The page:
ITC Talking Points – Post 2016
1. The ITC is a successful policy that should be made permanent.
a. The ITC has been unbelievably successful in its role as an economic engine – the U.S. solar industry is more than 20 times bigger now than when the ITC was enacted. The industry now supports 143,000 American jobs and is valued at more than $13.7 billion.
b. Research has shown that the ITC can generate a positive return for the federal government. Over the life of solar assets, lease and PPA financing structures can deliver a 10% internal rate of return.
2. Government has historically supported energy sources.
a. Energy is the primary input into an economic system, so it makes sense to incentivize its development.
b. Historically, it’s taken about 30 years for energy resources—oil, natural gas, hydropower, coal, etc.—to go from innovation to early adoption to rapid growth, and, finally, to majority adoption. Solar isn’t there yet.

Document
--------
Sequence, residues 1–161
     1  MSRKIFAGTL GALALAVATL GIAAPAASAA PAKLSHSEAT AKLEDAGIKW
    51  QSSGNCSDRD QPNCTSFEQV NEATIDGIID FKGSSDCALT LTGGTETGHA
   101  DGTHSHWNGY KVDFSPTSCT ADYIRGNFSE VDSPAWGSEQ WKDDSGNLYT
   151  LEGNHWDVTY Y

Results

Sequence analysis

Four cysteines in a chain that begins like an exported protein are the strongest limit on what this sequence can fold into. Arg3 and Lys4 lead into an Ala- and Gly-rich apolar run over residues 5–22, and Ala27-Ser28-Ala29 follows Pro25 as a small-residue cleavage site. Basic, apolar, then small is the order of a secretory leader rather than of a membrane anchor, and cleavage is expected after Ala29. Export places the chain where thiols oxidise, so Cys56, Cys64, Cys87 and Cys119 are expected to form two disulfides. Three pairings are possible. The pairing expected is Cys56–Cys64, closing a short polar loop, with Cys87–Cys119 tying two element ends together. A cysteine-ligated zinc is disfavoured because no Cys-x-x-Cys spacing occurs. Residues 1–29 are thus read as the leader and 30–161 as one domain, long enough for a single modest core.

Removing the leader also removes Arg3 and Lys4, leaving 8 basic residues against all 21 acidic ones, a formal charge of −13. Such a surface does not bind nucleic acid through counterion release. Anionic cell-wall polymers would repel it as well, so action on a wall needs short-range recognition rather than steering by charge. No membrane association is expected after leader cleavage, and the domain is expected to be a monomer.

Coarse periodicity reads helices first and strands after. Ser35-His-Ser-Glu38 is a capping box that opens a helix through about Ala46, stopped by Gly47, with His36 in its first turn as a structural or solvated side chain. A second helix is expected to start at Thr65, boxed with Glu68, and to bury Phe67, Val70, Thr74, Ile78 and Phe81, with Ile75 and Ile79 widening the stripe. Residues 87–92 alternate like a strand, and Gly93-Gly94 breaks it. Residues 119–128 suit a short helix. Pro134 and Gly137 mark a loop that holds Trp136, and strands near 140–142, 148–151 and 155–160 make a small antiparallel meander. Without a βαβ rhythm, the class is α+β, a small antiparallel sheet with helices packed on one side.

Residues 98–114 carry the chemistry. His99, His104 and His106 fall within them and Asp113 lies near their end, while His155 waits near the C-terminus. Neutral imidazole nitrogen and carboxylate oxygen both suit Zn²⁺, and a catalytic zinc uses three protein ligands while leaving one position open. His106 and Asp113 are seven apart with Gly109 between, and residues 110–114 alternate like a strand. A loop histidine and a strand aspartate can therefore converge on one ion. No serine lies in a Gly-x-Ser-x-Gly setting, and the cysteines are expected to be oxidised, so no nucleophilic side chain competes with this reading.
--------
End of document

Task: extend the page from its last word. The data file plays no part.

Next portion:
c. Fossil fuel energy sources enjoy permanent government incentives. In order to truly level the playing field, solar must receive equal treatment under the law.
d. Currently, solar incentives are less per megawatt-hour than for any other fuel source by a factor of ten, despite that fact that solar produces per more per megawatt-hour than any other energy industry.
3. The public supports solar and thinks the government should as well.
- National polls over the last five consecutive years show that 9 out of 10 American voters across party lines feel we should develop and use more solar energy. This support is consistent across the political spectrum.
- And the public supports government policies that encourage deployment of more solar. 78 percent of voters say the government should support growth of solar energy with financial incentives and tax credits.
4. The finance community is built upon certainty and the ITC provides that.
a. Effective incentives are long-term policies that remove market barriers, level costs, and offer stability.
b. The industry has been able to grow rapidly because of the supportive policies of the past two administrations (5 years), and the industry - especially small businesses - needs policy certainty to continue this growth.